Review: The ImpEx Collection – Glen Elgin 2006, Orkney 1999, Caol Ila 2008, and Springbank 1993
Folks, there’s a new independent spirits bottler in town… sort of. ImpEx has been importing whisky for as long as I’ve been writing about it, but for the first time it is starting an indie bottling label under its own name, fittingly called The ImpEx Collection.
The ImpEx Collection (alongside Single Malts of Scotland) fills a big hole created by the disappearance of the Exclusive Malts collection, which is no longer being imported to the U.S. (by anyone) after the brand and inventory were sold to a Chinese “private club.” (It is probably gone for good as far as most of us are concerned, as is Chapter 7.)
Like Exclusive Malts, the ImpEx Collection will be released in batches. Batch #1 includes six Scotch whiskies, one world whiskey (from Israel’s M&H), and three rums. We received small samples of four of the Scotch bottlings, all cask strength single barrels, which you’ll find reviewed below. (What are we missing? A 1982 Cameronbridge and a monster 40 year old blended cask from 1980.) We’ll review all of the rums separately in a later dispatch.
Ready to get the scoop on the newest independent bottler on the block? Let’s dig in.
The ImpEx Collection Glen Elgin 2006 14 Years Old Cask #9800012 – A big, classic Speyside, drawn from a bourbon barrel after 14 years and bottled at full proof. Glen Elgin is normally a pretty tame undertaking, but at full strength it presents with more punch and presence, offering a nose of toasty, well-sweetened cereal, barrel char, and fresh grass. The palate is surprisingly sweet, that breakfast cereal note popping brightly with a drizzle of honey atop a light touch of smoke, walnut oil, and some Christmas spice. Chimney soot notes linger on the finish — in a pleasant, wintry way that makes this warming malt feel destined for holiday time. 105 proof. A- / $129
The ImpEx Collection Caol Ila 2008 12 Years Old Cask #313250 – Its unpeated expressions aside, Caol Ila tends to offer a pretty stable experience from one bottle to the next. This cask strength 12 year old is no exception to that rule, offering a hugely smoky nose that’s stuffed with maritime notes, all typical for the brand. The palate continues the theme: sea spray, some smoked kippers, and a sharp citrus note that builds over time. The finish offers the only real surprise here, landing as just a bit flat, with some overripe fruit notes dominating. Otherwise, it’s as straightforward as anything in this collection gets. 116.8 proof. B+ / $126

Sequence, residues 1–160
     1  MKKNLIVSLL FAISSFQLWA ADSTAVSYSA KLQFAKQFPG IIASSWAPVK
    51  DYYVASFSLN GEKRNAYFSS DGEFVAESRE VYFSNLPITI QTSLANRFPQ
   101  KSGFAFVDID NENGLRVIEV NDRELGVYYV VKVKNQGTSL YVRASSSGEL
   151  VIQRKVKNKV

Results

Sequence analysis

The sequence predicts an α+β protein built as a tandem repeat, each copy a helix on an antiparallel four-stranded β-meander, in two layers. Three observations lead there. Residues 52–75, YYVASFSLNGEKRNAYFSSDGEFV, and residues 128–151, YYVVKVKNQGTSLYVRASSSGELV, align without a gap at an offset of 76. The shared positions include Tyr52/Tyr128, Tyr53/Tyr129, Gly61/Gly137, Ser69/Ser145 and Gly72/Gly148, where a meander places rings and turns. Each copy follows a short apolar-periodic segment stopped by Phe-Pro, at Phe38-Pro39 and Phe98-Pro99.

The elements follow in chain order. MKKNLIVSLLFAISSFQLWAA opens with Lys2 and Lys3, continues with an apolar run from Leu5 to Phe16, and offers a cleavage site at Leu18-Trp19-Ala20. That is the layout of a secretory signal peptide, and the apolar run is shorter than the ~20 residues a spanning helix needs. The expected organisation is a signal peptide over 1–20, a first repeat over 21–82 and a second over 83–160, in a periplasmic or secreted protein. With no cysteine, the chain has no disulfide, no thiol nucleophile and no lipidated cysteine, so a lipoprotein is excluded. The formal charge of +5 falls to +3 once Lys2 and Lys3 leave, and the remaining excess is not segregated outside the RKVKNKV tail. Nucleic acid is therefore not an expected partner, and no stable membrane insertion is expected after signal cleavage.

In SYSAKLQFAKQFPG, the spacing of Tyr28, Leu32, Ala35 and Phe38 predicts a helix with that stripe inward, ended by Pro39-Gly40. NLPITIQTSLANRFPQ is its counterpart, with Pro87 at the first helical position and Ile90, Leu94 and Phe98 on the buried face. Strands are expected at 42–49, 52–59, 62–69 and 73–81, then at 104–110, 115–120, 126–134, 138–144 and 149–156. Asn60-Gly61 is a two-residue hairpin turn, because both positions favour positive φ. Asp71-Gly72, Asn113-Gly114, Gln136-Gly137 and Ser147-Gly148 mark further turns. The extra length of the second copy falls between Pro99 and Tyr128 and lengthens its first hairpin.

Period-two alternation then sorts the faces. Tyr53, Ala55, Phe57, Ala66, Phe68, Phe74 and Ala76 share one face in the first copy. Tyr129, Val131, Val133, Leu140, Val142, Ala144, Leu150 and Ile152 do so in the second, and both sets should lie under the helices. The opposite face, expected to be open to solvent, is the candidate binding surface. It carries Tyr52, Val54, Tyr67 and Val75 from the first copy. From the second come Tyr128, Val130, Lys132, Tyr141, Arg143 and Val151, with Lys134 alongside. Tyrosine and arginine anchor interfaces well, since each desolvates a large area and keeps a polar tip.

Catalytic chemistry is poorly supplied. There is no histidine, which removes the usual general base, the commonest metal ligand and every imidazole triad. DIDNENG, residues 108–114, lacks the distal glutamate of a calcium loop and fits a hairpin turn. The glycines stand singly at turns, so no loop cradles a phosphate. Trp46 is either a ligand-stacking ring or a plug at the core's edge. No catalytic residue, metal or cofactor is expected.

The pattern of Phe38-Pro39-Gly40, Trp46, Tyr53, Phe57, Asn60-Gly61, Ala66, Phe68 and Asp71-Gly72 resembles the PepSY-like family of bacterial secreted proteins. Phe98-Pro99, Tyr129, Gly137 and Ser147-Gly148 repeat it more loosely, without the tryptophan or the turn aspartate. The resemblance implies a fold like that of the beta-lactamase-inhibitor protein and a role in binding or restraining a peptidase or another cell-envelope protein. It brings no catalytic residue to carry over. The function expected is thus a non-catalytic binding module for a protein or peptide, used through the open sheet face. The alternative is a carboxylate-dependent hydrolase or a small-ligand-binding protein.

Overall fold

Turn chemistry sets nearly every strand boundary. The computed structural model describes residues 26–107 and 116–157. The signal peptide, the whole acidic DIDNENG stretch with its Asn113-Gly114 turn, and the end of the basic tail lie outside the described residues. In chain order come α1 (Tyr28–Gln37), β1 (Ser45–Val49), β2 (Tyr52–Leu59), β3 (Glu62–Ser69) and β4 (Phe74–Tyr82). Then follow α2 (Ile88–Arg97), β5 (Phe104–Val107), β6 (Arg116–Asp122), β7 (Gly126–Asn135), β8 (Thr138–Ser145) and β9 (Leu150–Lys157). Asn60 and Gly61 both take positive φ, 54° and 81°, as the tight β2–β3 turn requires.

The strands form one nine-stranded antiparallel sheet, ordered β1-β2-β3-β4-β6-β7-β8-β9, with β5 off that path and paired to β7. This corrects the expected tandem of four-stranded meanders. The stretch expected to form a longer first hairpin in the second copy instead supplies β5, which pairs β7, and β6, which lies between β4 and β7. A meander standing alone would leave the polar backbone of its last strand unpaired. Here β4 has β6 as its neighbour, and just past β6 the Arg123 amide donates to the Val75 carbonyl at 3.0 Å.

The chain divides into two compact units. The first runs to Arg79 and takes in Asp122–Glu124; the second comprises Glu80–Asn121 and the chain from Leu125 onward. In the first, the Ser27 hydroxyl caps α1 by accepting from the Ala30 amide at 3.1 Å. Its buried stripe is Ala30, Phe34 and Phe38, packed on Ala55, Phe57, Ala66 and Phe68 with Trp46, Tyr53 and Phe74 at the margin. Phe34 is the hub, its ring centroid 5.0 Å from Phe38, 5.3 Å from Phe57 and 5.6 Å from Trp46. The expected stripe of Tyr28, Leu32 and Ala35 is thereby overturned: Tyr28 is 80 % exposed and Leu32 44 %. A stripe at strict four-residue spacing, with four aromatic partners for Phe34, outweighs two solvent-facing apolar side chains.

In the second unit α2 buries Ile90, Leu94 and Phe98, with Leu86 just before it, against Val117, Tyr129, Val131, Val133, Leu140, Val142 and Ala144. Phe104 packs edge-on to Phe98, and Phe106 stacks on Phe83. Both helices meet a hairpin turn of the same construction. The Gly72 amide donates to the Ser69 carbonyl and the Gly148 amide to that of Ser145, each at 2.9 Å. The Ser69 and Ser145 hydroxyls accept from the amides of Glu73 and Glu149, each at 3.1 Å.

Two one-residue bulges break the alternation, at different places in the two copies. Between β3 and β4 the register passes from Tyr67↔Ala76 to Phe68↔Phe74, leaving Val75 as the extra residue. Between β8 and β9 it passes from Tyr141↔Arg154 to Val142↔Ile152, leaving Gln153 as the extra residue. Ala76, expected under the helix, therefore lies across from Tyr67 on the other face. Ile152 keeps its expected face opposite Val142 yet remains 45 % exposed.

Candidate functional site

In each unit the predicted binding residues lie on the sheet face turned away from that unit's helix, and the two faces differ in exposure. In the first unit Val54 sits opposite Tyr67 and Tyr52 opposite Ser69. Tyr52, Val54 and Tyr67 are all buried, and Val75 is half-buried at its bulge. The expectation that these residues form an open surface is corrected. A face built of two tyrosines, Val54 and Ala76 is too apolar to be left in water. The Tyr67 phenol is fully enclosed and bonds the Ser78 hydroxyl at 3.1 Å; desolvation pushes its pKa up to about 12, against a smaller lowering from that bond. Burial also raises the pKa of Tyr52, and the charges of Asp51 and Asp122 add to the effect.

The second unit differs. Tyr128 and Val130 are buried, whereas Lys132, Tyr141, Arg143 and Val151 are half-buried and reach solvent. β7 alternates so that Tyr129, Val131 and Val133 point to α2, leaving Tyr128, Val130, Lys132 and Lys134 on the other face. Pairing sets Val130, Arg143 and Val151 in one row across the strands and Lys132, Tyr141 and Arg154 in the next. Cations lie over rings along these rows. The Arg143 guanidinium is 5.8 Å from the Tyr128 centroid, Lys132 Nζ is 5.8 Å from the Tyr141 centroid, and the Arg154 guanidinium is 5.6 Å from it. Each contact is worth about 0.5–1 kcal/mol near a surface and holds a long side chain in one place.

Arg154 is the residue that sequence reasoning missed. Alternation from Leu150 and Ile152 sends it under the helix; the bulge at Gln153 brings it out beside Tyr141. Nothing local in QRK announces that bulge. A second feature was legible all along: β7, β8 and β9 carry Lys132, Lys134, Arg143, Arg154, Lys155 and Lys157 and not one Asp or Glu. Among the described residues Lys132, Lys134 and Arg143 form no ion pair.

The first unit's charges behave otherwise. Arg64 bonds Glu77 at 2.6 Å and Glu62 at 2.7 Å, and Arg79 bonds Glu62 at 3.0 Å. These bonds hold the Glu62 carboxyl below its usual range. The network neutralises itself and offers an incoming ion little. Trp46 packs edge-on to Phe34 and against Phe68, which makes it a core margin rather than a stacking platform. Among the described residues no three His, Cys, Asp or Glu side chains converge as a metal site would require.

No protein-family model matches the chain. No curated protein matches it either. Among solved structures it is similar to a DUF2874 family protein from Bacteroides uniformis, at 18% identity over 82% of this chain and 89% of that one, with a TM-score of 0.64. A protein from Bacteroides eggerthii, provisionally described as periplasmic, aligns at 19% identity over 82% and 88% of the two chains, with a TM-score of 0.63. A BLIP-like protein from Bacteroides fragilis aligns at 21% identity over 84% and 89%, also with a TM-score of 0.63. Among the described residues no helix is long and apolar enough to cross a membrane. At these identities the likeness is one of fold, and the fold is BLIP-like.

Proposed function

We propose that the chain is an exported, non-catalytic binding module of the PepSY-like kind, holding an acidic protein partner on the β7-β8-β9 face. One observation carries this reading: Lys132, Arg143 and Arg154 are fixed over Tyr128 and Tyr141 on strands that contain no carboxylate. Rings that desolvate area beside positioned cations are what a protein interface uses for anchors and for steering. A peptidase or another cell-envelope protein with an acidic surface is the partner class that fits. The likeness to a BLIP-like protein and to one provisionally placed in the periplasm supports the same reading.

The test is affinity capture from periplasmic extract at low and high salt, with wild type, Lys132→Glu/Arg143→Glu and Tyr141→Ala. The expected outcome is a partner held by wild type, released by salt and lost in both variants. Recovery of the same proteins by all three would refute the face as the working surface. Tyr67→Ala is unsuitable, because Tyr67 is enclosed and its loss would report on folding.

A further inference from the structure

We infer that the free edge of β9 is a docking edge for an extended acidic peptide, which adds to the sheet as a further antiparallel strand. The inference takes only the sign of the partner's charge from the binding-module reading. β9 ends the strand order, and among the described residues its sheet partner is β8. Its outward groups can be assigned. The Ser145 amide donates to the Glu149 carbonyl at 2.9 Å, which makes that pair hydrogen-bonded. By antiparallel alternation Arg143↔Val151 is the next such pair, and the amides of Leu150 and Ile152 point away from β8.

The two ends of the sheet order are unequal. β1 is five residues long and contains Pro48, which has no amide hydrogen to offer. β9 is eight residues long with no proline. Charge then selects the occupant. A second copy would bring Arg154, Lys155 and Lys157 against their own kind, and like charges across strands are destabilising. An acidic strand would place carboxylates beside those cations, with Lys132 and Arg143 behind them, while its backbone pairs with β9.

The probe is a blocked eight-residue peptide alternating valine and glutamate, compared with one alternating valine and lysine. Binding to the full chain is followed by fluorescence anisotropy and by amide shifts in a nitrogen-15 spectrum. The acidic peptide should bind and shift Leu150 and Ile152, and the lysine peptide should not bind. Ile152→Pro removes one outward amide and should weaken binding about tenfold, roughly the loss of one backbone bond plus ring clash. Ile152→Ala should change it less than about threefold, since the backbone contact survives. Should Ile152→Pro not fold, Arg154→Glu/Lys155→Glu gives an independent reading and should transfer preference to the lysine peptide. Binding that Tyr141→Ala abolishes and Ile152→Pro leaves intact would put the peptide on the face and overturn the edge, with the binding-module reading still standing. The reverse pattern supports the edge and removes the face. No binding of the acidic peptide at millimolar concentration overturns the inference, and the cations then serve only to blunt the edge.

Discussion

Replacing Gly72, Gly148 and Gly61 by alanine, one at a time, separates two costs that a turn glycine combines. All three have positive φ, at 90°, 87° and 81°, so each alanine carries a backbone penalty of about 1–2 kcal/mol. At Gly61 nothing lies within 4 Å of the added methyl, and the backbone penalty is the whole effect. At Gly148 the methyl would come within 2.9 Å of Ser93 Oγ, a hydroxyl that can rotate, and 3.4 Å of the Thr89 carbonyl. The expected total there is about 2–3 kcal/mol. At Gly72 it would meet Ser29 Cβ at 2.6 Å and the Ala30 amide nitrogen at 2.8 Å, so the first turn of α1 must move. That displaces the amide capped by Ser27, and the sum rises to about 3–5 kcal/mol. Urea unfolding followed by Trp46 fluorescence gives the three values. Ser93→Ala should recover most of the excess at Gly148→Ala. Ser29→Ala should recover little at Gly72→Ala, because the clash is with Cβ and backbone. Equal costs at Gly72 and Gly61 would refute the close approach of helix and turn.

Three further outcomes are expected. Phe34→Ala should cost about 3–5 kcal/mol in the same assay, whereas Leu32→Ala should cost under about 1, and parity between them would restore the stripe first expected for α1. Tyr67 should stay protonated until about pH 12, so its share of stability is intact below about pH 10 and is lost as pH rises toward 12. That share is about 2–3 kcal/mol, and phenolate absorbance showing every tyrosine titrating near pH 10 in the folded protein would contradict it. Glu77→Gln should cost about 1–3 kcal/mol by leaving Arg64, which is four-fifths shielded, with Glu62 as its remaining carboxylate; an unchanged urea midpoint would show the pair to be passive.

The ImpEx Collection Orkney 1999 21 Years Old Cask #58 – There are only two real distilleries on Orkney, which really narrows down the options on this, particularly since Scapa bottled a peated whisky for the first time in 2016. So, let’s assume this isn’t a Scapa unicorn but is indeed Highland Park, drawn from a hogshead. It has much of the HP DNA, but not all of it, which makes it quite enticing. A gentle breeze of peat kicks things off, set nicely against a nose of toasted grains, golden syrup, and fresh citrus. The palate continues the evolution of these flavors, which eventually present as delicate and a bit floral, sweet and lush but with a nice layer of spice and just a hint of sea spray on the finish. Lots to love here, and highly worth exploring. Incidentally, this was one of the best in show winners at the recent 2021 Whiskies of the World competition where I served as a judge. 101.6 proof. A- / $210
The ImpEx Collection Springbank 1993 25 Years Old Cask #94 – A big 25 year old, finished in oloroso sherry casks. My incredibly high expectations for this whisky were quickly dashed. The nose kicks off with a much smokier character than the typical Springbank along with a distinct roasted vegetable note, the Campbeltown funk dialed up to 11. Beefy and dense with pepper, the aroma can be so savory and brooding it’s a little off-putting. The palate is similar in tone, extremely savory and quite vegetal, finishing with an overwhelming note of creosote and forest floor. Is this simply too old, too far gone? I don’t get any significant hint of the sherry finish here — which feels perhaps like a hail mary to save the whisky — nor much of the real DNA that makes Springbank so great. Skip it, especially at this price. 95 proof. B- / $950
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